[ This is an English translation of the Turkish page ]
The life and teaching of the prophets common to Judaism, Christianity and Islam are found in the books presented on this website. Of course, adherents of any faith who look beyond their own faith to other faiths will tend to view them through the lens of their own faith. Believers are free, not confined by their own beliefs, but when they explore the revelation received by others they must remember that different relevations have their own theological principles. Among the beautiful revelations to consider are the faith of people who accept the Holy Bible. The Bible includes the Torah of Moses, the Psalms of David, and the Glorious Gospel of Jesus.
Some scholars of religion say that the Bible is not revelation but only a kind of hadith (traditional accounts of a prophet's life). This view cannot be accepted. If they thus belittle the Bible, why do they call our three faiths the "heavenly religions"? Forcing a clash between the revelation experienced by our own prophet and another prophet limits and prejudices our encounter with God's gift. The way of Moses, David and Jesus together are a revelation of the divine voice, a heavenly gift of salvation. They came forth at different times in different ways. They were received and transmitted to us by prophets with their different experiences of life and the influence of the cultural values of their time and place. They were recorded by different people in different styles at different times and places.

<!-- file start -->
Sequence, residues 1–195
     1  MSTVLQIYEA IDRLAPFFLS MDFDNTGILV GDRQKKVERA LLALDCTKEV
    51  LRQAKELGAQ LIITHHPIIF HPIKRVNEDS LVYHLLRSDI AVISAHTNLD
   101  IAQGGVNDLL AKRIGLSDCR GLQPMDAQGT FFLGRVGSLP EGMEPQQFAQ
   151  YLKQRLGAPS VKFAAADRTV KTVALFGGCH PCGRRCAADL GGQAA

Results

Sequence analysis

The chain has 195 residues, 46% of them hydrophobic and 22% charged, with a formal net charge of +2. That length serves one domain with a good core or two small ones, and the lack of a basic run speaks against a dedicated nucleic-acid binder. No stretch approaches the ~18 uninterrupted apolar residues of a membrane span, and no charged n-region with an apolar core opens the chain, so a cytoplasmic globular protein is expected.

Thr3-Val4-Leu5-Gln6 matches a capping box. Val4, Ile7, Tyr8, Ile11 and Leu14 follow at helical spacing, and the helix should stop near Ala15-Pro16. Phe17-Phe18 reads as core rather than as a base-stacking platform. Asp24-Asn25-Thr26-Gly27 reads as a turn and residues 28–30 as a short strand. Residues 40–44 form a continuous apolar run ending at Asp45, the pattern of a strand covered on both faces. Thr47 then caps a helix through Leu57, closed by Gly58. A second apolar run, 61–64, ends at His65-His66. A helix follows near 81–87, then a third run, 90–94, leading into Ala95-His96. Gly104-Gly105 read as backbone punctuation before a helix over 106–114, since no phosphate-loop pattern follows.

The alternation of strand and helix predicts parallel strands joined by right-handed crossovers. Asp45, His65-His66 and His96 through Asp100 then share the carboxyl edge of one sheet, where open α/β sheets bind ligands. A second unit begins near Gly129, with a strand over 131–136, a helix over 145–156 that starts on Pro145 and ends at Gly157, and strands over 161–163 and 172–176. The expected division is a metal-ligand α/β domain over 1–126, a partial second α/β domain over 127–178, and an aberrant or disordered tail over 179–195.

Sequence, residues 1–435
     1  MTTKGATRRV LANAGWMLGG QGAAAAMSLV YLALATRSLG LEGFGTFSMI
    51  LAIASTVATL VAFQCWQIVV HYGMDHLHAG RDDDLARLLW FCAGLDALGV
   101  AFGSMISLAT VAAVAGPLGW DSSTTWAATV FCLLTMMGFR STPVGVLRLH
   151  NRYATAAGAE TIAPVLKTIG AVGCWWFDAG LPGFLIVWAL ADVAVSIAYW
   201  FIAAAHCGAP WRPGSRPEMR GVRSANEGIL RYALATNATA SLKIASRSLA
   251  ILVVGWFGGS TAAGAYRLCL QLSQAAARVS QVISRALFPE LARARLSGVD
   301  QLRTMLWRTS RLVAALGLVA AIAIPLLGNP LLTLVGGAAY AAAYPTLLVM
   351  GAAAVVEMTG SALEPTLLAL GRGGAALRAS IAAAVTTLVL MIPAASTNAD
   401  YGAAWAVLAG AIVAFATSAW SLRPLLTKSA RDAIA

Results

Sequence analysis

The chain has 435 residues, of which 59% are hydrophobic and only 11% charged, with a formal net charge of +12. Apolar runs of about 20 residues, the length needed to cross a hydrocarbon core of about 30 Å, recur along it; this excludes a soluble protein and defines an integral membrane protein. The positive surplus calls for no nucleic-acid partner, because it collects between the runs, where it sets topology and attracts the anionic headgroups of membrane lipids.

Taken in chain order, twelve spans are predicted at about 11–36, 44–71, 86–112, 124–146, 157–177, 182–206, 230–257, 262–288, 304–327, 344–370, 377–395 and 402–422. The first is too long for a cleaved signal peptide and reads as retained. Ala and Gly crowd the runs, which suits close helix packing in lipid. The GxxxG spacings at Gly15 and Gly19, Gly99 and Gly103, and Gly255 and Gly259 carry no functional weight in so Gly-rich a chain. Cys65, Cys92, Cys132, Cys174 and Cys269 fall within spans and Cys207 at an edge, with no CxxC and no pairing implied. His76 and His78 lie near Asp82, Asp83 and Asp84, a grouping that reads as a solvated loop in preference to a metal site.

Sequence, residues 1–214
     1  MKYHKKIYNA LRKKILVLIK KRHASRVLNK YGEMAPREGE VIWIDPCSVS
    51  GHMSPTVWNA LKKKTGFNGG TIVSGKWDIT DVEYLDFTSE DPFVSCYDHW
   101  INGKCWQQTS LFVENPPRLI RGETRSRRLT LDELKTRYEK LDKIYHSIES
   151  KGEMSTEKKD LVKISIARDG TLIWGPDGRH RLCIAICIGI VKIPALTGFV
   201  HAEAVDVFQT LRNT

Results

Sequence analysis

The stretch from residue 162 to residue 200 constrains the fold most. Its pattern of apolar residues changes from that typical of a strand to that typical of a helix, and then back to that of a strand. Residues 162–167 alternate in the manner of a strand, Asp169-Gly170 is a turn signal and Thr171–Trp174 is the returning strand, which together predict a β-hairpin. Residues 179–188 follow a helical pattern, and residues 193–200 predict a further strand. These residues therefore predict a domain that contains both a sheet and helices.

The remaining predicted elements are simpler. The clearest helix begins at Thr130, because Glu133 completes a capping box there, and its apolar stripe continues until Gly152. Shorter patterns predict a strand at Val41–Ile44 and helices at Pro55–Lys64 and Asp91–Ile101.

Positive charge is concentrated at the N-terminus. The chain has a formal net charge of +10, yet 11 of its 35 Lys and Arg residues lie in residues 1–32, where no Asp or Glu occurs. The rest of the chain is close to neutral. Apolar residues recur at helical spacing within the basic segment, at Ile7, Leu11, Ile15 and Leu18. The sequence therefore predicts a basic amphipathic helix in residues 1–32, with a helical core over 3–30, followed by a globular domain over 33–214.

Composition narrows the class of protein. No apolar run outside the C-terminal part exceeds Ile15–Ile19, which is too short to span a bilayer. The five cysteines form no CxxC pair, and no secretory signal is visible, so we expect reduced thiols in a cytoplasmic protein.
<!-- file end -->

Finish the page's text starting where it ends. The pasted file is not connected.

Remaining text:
Revelation occurred not only in the writing down of God's Word; it received its highest expression in the resurrection from the dead of our Master Jesus. This expression of God's revelation had been awaited from the beginning and reached its summit in the resurrection. The scribes of this revelation recorded it for our benefit as though in photos taken from different angles. By such means God Most High has drawn a picture for us of the divine truth. This truth is experienced by humankind as a river flowing down through the ages and into our hearts.
Theological expositions, moral commandments, poetic material and historical records of the Word of the Creator as spoken to the prophets are included in the Bible. In the case of the Noble Koran it would not be right to belittle it simply because its literary form consists not only of divine commandments, but also of prophetic counsel, historical explanations, and poetic flourishes. Though originally expounded by one person only, the Koran features virtually all the literary forms we see in the Bible. Examples of this congruence include the poetic form of some of the passages in the Lokman Sura, as well as historical chronicles explaining the ministry of the Joseph and Moses, or various passages about Job.
So although our readers may feel that the word of revelation in the Bible is a little different from the Koran, we hope that the books published on this web site will help them understand the Word of God not only from their own perspective but also with open hearts inspired with living truth.